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Mathematics LibreTexts

2.4 Arithmetic of divisibility

  • Page ID
    7428
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    Theorem: Divisibility theorem I

    Let \(a,b,c  \in \mathbb{Z}\) such that \(a+b=c\). If \(d \in \mathbb{Z_+}\) divides any two of \(a,b\) and \(c\), then \(d\) divides the third one.

    Proof:

    Proof:(by cases)

    Case 1: Suppose \(d \mid a \) and \(d \mid b\). We shall show that \(d \mid c\).

    Since \(d \mid a \) and \(d \mid b\), \( a = dm \) and  \(b = dk\) , for some \(m, k \in \mathbb{Z}\).

    Consider, \(c = a + b = d(m + k).\)

    Since \((m + k )\in \mathbb{Z}\), \(d \mid c \).

    Case 2: Suppose \(d \mid a \) and \(d \mid c\). We shall show that \(d \mid b\).

    Since \(d \mid a \) and \(d \mid c\), \(a = dm\) and \(c = dk\), for some \(m, k \in \mathbb{Z}\).

    Consider, \(b = c - a= d(k - m).\)

    Since \((k - m)\in \mathbb{Z}\),\(d \mid b \).

    Case 3: Suppose \(d \mid b \) and \(d \mid c\). We shall show that \(d \mid a\).

    Since \(d \mid b \) and \(d \mid c\),  \(b = dm \) and  \(c = dk\), with \(m, k \in \mathbb{Z}\).

    Consider, \( a = c - b= d(k - m). \)

    Since \((k - m)\in \mathbb{Z}\), \(d \mid a \).

    Having examined all possible cases, given a + b = c, then if \(d \in \mathbb{Z_+}\) divides any two of \(a,b\) and \(c\), then \(d\) divides the third one. \( \Box\)

     

    Exercise \(\PageIndex{1}\)

    Let \(a,b,c  \in \mathbb{Z_+}\) such that \(a+b=c\). If \(d \in \mathbb{Z_+}\) divides any two of \(a,b\) and \(c\), then \(d\) divides the third one.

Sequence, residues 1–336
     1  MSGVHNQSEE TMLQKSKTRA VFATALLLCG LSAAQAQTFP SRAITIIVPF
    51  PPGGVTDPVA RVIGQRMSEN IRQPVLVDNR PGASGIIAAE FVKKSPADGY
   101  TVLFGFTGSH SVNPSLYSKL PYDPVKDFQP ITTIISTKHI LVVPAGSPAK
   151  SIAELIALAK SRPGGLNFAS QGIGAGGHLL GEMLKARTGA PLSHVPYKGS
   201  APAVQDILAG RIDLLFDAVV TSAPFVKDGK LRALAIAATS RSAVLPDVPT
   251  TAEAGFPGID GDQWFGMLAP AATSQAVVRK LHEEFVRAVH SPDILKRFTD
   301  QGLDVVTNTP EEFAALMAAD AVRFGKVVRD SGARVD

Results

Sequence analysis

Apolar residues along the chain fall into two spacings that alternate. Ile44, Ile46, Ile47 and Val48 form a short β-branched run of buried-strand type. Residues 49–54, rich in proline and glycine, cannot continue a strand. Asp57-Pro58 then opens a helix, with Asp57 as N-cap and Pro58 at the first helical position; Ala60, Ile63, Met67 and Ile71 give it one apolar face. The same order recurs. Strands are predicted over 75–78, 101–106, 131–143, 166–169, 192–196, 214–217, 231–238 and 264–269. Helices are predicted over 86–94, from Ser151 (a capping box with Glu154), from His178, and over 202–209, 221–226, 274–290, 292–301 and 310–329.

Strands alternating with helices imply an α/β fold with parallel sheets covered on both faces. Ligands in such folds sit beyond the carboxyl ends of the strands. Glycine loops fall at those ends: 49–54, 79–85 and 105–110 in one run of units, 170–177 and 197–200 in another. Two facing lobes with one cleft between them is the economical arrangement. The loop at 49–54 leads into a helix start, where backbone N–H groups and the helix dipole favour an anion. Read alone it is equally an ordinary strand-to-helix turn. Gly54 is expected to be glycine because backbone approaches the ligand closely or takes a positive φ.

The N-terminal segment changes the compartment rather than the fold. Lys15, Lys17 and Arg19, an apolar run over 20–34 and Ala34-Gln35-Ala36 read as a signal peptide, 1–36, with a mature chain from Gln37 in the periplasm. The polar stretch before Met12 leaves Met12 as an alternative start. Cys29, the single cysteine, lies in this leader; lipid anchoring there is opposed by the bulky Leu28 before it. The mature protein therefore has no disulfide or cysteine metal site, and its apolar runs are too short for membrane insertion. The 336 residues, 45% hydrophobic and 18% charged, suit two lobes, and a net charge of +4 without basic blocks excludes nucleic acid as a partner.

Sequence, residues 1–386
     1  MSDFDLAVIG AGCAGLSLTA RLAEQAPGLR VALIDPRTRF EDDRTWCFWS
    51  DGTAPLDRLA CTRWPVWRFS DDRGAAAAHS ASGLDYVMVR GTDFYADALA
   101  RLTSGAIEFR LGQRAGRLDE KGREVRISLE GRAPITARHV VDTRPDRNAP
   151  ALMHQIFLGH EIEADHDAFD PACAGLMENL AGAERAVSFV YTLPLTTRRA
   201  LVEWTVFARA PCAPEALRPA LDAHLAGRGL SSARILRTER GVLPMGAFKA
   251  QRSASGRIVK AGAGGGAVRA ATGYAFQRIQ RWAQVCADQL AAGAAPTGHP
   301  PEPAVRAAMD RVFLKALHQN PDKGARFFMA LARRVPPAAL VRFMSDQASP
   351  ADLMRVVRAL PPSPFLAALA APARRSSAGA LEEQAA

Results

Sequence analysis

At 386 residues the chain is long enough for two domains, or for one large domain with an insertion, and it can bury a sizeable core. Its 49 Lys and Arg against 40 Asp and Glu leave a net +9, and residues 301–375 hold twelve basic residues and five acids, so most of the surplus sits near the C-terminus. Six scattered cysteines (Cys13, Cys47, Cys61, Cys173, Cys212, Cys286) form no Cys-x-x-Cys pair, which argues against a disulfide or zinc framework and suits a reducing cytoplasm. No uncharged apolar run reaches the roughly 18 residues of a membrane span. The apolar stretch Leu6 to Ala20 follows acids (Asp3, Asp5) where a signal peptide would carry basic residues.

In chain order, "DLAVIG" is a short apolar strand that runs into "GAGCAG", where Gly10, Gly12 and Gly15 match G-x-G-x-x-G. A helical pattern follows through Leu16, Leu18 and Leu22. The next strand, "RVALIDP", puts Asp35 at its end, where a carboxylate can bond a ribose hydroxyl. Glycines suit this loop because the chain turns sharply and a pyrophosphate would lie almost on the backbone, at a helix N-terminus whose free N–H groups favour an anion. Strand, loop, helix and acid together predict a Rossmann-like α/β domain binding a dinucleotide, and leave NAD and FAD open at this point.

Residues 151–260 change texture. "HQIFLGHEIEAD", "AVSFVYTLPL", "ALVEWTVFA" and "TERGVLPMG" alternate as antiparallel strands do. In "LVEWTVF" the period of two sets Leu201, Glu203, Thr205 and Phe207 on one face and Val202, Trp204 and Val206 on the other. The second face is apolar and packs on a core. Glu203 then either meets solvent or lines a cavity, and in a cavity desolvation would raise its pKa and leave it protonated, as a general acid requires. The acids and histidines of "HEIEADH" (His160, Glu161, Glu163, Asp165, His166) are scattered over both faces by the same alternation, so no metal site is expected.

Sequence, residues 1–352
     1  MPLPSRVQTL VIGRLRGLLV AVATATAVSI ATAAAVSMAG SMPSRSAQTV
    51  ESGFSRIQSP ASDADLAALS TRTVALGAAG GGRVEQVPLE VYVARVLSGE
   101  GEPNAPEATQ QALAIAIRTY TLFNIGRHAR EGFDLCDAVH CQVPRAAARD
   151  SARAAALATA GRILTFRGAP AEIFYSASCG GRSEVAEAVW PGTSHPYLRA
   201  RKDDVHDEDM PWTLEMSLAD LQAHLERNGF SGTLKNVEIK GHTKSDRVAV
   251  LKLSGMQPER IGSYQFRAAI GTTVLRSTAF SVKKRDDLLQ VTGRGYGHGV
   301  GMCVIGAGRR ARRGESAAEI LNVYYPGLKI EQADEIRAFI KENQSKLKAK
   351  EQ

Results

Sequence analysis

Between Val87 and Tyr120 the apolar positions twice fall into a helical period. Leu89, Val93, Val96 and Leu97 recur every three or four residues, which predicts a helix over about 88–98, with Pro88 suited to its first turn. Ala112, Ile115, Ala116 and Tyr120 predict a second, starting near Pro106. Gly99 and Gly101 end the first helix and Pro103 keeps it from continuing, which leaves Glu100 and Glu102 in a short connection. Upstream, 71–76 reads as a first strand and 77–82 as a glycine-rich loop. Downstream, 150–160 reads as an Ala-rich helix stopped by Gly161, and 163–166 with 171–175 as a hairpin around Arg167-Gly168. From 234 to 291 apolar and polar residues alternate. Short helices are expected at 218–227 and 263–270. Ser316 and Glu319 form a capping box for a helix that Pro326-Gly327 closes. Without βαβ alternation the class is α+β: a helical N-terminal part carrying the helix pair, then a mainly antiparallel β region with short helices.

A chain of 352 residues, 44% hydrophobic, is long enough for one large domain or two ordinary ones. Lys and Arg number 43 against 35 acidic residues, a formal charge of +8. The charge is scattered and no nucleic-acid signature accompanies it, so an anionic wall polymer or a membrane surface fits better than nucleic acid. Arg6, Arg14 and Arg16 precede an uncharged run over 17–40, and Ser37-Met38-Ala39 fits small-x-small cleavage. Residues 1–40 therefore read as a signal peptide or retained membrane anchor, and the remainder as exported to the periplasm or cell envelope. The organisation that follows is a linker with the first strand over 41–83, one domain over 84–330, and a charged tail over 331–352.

Answer

    use cases to prove.

     

    Theorem: Divisibility theorem II

    Let \(a,b,c  \in \mathbb{Z}\) such that \(a \mid b\). Then \(a \mid bc\).

    Proof:

    Let \(a,b,c  \in \mathbb{Z}\) such that \(a \mid b\).

    We shall show that \(a \mid bc\).

    Consider that since a | b, b = ak, \(k  \in \mathbb{Z}\).

    Further consider bc = a(ck).

    Since \(ck  \in \mathbb{Z}\), a | bc.\( \Box\)

    Theorem:

    Let \(a,b,c,d  \in \mathbb{Z}\).  Then 

    1. if \(a \mid b \) and \(a \mid c\) then \(a \mid (b+c)\).
    2. if \(a \mid b \) and \(a \mid c\) then \(a \mid (bc)\).
    3. if \(a \mid b \) and \(c \mid d\) then \((ac) \mid (bd)\).
    Proof:

     

    Proof of 1:

    Let \(a,b,c,d  \in \mathbb{Z}\).  

    We shall show that  if \(a \mid b \) and \(a \mid c\) then \(a \mid (b + c)\).

    Since \( a | b, b = ak, \,k  \in \mathbb{Z}\) and since \(a | c, c = am, \, m  \in \mathbb{Z}\).

    Consider, \( b + c = a(k + m)\).

    Since \(k + m  \in \mathbb{Z}\), \(a | (b + c)\).\( \Box\)

    Proof of 2:

    Let \(a,b,c,d  \in \mathbb{Z}\).  

    We shall show that  if \(a \mid b \) and \(a \mid c\) then \(a \mid (bc)\).

    Since \( a | b, b = ak, \,k  \in \mathbb{Z}\) and since \(a | c, c = am, \, m  \in \mathbb{Z}\).

    Consider \( bc = a(akm).\)

    Since \(akm  \in \mathbb{Z}\), \(a | (bc)\).\( \Box\)

    Proof of 3:

    Let \(a,b,c,d  \in \mathbb{Z}\).  

    We shall show that  if \(a \mid b \) and \(c \mid d\) then \( (ac) \mid (bd)\).

    Since \( a | b, b = ak, \,k  \in \mathbb{Z}\) and since \(a | c, c = am, \, m  \in \mathbb{Z}\).

    Consider \( bd = (ak)(cm) = ac(km).\)

    Since \(km  \in \mathbb{Z}\),\( (ac) | (bd)\).\( \Box\)

    Example \(\PageIndex{1}\):

    Let \(a,b,c,d  \in \mathbb{Z}\) such that \(a \mid b \) and \(c \mid d\).  Is it  always true that \((a+c) \mid (b+d)\) ?

    In other words, if a teacher was able to share 6 apples among 6 boys and 8 oranges among 4 girls equally, is it possible for the teacher to share the 14 fruits with the 10 children equally?